For a quality education system
Despite the recent success of Bangladesh in terms of GDP growth, exports earnings, etc , the question remains if the country could have done much better in these and other indicators of economic progress.
Most experts would agree that Bangladesh’s economic development could be more stable and sustained if it were built on a solid foundation of a highly-educated workforce, a quality educational system (especially in sciences, technologies and vocational training), and supportive policies that provide the necessary foundation for a modern science and technology-based economy.
A determined and progressive national leadership must work to change the present culture that patronize general education and even redundant forms of education, to improve the quality of higher education, to establish more efficient management processes, to seek alliances with the international scientific community, and to create private and public sector partnerships for achieving the desired results.
Looking at the present educational scenario in Bangladesh one finds little more than tokenism in response to the need of building up an educational system suitable for meeting the needs of a dynamic economy.
Worldwide, the experience has been that national power and economic power depends too vitally on making human resources out of people. To make the human resources, the most important requirement is education but that education must be of a kind that enable humans to become the makers and doers of things.
Unfortunately, in Bangladesh, notwithstanding apparent pursuits of governmental educational policies, the main structures in the educational systems continue to produce persons with general education having little actual application in industries, services and the professions.
The education system still allows for a huge number of so called students to take degrees in literature, language, humanities and theology. But under the present circumstances when Bangladesh needs knowledge in far greater degrees to create doers and movers of things than idle theorists or romanticists, it becomes very much questionable how far it is sensible to drag on– so disproportionately compared to actual need — the burden and waste incurred in the latter form of education.
Former President Obama of the USA in his recent address to American people declared the vow of his administration to turn a completely new leaf in the educational system. The USA used to be the topmost country in the world in everything including education.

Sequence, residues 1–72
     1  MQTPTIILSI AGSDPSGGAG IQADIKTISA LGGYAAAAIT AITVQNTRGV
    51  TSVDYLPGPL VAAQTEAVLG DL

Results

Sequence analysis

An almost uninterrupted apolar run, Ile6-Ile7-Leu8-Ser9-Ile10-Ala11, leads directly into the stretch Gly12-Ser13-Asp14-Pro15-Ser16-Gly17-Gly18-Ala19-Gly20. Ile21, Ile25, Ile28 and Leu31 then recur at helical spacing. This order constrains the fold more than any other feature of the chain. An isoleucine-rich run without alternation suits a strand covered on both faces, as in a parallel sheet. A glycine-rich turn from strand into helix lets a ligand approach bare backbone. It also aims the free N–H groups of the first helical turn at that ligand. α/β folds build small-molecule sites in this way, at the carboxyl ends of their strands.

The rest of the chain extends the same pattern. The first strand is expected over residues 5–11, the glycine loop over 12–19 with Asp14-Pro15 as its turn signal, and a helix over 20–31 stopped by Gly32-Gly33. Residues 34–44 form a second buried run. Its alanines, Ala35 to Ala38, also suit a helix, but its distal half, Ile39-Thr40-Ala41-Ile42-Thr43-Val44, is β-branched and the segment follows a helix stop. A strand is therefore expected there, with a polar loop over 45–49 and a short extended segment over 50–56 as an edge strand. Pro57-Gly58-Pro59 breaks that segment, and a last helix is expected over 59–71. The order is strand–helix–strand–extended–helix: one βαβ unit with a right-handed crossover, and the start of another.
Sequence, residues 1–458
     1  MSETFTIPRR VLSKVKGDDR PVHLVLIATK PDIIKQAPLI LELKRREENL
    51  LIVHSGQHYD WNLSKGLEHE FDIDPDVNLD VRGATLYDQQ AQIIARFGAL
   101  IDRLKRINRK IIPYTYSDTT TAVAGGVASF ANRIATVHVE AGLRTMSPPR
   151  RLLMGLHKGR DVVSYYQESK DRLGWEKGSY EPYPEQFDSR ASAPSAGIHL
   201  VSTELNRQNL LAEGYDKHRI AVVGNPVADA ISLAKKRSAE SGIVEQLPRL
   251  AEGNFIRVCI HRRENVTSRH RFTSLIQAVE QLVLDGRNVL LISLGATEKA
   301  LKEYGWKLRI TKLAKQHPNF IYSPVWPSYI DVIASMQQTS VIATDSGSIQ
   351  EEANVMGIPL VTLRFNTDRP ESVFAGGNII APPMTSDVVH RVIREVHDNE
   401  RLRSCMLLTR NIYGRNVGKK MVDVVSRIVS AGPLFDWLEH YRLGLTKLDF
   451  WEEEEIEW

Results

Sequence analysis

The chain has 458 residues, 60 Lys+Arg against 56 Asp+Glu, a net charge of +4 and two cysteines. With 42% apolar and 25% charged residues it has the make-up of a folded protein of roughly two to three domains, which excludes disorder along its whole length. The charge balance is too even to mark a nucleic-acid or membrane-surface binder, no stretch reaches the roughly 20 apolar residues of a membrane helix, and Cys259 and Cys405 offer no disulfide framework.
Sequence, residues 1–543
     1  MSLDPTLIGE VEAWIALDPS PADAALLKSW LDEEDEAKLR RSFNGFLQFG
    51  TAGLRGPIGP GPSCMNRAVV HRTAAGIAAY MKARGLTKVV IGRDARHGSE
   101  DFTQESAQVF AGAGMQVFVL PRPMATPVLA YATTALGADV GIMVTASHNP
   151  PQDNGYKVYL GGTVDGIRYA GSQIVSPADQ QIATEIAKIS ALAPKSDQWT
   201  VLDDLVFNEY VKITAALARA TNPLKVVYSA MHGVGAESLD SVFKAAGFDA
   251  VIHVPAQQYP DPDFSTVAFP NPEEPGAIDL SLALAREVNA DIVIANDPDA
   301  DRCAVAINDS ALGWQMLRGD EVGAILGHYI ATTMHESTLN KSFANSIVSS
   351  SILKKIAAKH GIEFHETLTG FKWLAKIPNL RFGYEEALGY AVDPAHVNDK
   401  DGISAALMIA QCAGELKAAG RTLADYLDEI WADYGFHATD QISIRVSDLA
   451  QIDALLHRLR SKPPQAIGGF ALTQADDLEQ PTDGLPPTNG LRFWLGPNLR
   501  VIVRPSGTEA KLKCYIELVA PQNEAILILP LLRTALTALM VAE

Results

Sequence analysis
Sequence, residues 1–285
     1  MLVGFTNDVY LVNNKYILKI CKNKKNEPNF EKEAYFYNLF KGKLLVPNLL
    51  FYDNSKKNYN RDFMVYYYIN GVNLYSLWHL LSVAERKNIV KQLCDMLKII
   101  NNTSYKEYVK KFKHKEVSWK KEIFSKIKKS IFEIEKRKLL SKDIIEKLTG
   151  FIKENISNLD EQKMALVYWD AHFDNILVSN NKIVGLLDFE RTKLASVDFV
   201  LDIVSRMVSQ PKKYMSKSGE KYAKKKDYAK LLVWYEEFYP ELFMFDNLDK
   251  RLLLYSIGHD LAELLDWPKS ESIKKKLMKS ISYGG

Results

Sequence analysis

But the former US President in his speech noted how his country was overtaken by others in the sphere of education. In fact, the position of the USA has slid down in many areas of education in comparison to other nations. President Obama considered the decline in USA’s greatness as stemming largely from the decline in its educational system that has eroded its competitiveness in the global economy.
Today’s Malaysia is a shining example of what visionary leaders can do to change the fate of their nation by promoting education which is truly suitable for economic growth and development. Under its long standing former Prime Minister, Mahathir Mohammad, great emphasis was put on sustaining an education system based on making human resource. That policy paid great dividends by bringing Malaysia to the level of economic attainments it enjoys today. There is a lesson to be learnt by Bangladeshi leaders from all these.
They must graduate out from their role of only paying lip service to the cause of education appropriate to meeting the challenges of the 21st century.
They must make up their minds to take the ‘decisive’ steps to thoroughly reform the archaic prevalent systems of education.
The redundant forms of education meaning particularly religious education and general education must be limited to make greater resources available for science and technology based education, vocational education and need based education. The entire education system must be calibrated to meet the needs of a dynamic and forward moving technology oriented society.